Marketing plans for law, architecture and other professional practices [infographic]
So, you’re wondering if you need a marketing plan for your professional practice. It may help to begin with a better understanding of the benefits a marketing plan can offer.
If you’re a lawyer, architect or other type of professional, a marketing plan will enable you to:
- Sort through the many options facing your firm and select the ones aligned with your ideal clients and referrers
- Deliver greater impact with limited resources and focus that impact on the right audience
- Create a system so you know what you’re doing all year long
- Establish a process to measure, review and adjust as needed
This infographic deconstructs the basic elements of a marketing plan to illustrate what’s involved at each step and how they all fit together. Special attention has been paid to the personal aspect of the professional service firm’s marketing plan, including speaking, writing and networking.
For those of you who prefer longhand writing, just keep reading…
The objectives of a marketing plan for professional practices
The first decision you need to make about your marketing plan is about your practice development objectives. For some, laying out objectives will be easy. For others, it will be a struggle. Either way, this is the most important step in your marketing plan. Your objectives represent the end point. The plan represents how you will get there, like a mapped-out route to a destination. As an example, if your objectives call for aggressive growth within a niche market, to accomplish that, you will need a robust plan focused on one specific sector.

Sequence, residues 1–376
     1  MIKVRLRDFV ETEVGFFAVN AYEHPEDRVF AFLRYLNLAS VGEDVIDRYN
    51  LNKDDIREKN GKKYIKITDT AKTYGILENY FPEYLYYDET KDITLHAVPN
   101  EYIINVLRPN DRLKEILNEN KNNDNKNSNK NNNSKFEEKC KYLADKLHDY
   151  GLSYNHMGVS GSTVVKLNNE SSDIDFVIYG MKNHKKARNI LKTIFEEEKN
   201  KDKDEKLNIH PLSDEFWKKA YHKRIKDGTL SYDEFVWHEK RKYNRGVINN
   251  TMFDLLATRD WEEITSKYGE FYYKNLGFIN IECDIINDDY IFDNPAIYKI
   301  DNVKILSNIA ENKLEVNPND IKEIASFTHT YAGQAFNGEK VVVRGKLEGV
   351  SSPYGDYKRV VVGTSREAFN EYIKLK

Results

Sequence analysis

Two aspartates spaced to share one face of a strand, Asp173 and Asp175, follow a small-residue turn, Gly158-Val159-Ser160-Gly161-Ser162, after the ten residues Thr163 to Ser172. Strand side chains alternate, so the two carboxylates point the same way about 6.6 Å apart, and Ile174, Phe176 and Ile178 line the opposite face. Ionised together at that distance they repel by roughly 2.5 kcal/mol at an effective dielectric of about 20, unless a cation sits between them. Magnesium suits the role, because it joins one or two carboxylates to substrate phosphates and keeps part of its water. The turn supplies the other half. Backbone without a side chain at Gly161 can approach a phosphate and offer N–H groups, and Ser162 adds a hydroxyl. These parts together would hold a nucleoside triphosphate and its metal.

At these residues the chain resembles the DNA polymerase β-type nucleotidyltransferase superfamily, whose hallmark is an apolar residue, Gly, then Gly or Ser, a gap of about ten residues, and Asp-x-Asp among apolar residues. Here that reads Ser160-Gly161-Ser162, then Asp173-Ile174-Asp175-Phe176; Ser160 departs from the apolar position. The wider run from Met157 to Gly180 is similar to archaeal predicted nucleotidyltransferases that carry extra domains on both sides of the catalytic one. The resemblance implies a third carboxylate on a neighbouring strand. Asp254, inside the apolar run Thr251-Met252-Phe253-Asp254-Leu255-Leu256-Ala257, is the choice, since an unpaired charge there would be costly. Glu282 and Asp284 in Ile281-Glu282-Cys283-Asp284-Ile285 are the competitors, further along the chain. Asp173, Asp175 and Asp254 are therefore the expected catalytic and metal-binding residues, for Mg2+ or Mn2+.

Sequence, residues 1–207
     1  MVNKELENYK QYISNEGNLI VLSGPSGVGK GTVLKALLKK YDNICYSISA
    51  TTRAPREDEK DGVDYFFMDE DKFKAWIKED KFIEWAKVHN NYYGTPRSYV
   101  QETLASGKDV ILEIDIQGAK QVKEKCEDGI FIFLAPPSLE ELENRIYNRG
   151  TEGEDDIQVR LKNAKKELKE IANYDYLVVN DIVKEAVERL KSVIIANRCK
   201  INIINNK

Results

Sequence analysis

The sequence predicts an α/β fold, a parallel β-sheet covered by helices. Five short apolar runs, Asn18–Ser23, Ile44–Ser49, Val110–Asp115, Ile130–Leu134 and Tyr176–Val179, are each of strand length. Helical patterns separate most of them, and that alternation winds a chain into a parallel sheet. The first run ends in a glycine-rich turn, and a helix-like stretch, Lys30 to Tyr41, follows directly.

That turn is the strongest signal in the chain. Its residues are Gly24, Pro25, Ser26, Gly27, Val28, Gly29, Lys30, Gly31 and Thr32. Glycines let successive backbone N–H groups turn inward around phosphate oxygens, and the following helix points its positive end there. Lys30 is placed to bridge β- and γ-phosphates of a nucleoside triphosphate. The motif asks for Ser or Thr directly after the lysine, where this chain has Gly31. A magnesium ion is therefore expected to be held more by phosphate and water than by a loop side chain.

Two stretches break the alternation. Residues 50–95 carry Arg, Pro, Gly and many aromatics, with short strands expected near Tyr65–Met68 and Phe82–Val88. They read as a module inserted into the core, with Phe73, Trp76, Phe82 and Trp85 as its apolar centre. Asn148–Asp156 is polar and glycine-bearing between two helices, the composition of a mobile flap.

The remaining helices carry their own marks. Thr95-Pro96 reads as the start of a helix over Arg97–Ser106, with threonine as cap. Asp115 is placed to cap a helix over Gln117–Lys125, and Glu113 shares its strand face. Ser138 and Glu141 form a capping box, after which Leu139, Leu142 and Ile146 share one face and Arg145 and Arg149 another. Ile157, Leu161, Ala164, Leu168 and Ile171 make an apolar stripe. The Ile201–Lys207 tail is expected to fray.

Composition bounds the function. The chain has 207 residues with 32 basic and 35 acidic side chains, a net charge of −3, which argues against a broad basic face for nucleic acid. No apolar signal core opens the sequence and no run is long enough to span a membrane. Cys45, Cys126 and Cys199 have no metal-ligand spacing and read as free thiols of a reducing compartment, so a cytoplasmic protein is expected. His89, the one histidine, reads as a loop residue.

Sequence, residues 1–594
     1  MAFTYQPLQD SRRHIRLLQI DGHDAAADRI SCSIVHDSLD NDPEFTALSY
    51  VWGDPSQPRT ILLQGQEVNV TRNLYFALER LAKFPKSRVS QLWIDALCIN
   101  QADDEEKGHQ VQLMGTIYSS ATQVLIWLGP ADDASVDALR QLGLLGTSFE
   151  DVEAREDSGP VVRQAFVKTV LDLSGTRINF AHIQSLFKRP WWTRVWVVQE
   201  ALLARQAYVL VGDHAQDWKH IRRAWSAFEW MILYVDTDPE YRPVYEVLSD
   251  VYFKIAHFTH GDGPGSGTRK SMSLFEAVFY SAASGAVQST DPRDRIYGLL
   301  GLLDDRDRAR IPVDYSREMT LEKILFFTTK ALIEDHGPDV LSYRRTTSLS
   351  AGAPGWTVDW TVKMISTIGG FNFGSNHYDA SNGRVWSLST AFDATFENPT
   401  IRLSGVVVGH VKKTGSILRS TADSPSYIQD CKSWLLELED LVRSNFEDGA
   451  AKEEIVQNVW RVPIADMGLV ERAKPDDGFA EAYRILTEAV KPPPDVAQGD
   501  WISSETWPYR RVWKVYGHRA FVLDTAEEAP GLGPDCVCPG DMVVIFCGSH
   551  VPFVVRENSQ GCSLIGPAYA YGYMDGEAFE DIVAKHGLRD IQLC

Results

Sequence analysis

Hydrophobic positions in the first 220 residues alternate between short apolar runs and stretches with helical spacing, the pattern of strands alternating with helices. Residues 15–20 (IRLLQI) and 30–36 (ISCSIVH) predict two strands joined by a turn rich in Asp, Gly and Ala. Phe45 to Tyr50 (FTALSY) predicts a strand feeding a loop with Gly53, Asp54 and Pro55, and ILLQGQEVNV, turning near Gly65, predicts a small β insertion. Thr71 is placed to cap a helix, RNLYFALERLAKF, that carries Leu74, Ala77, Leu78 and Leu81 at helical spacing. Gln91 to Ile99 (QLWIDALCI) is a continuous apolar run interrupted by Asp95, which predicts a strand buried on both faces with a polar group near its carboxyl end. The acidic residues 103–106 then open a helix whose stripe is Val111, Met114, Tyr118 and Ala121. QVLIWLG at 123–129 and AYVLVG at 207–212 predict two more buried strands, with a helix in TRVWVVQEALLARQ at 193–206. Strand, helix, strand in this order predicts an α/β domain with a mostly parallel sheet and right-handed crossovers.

Your immediate objectives will shape the first phase of your marketing plan. A 6-12 month window would be appropriate for this phase.
Your longer-term objectives will help balance immediate tactics with foundational elements that feed the future of your professional practice.
Your marketing plan is an opportunity to, not just pursue more of the same, but rather, to be strategic about the type of client files you really want to generate. To get started with this section of the marketing plan, create a list of the various audiences your firm serves today and then prioritize the list to identify your ideal clients. Considering the importance of word-of-mouth marketing for lawyers, architects and other professionals, apply this same line of thinking to your referral network, so you can prioritize your ideal referrers too.
Primary clients – Describe the profile of your ideal client in as much detail as you can. Are you targeting businesses or consumers? Include other details such as service requirements, location, expectations, values, beliefs and interests.
Secondary clients – Other client groups your firm services may also be mentioned in your marketing.
Primary referrers – Whether it’s a client or a complementary professional, this is your ideal referrer. Describe this referrer in as much detail as you can, including areas of commonality such as target market, shared values and location.
Secondary referrers – Other referral groups within your professional network may also be mentioned in your marketing.
Unique selling proposition (USP)
What does your firm do that is, not only unique, but valued by your audience? Your USP isn’t about difference for the sake of it. It’s about tying difference to a benefit that is meaningful to your ideal client.
Many lawyers and architects think their firm isn’t substantially different from their competitors. But, even if you offer the same services to the same market, if you consider the clients’ experience, you may find your difference in other factors. Examples include professional style, communication, technology or other support offered by the firm.
Explore what keeps your existing clients loyal. What about your firm does your ideal client value most? Is it talent, knowledge, vision and insight? Or is it a softer quality like the ability to listen and understand?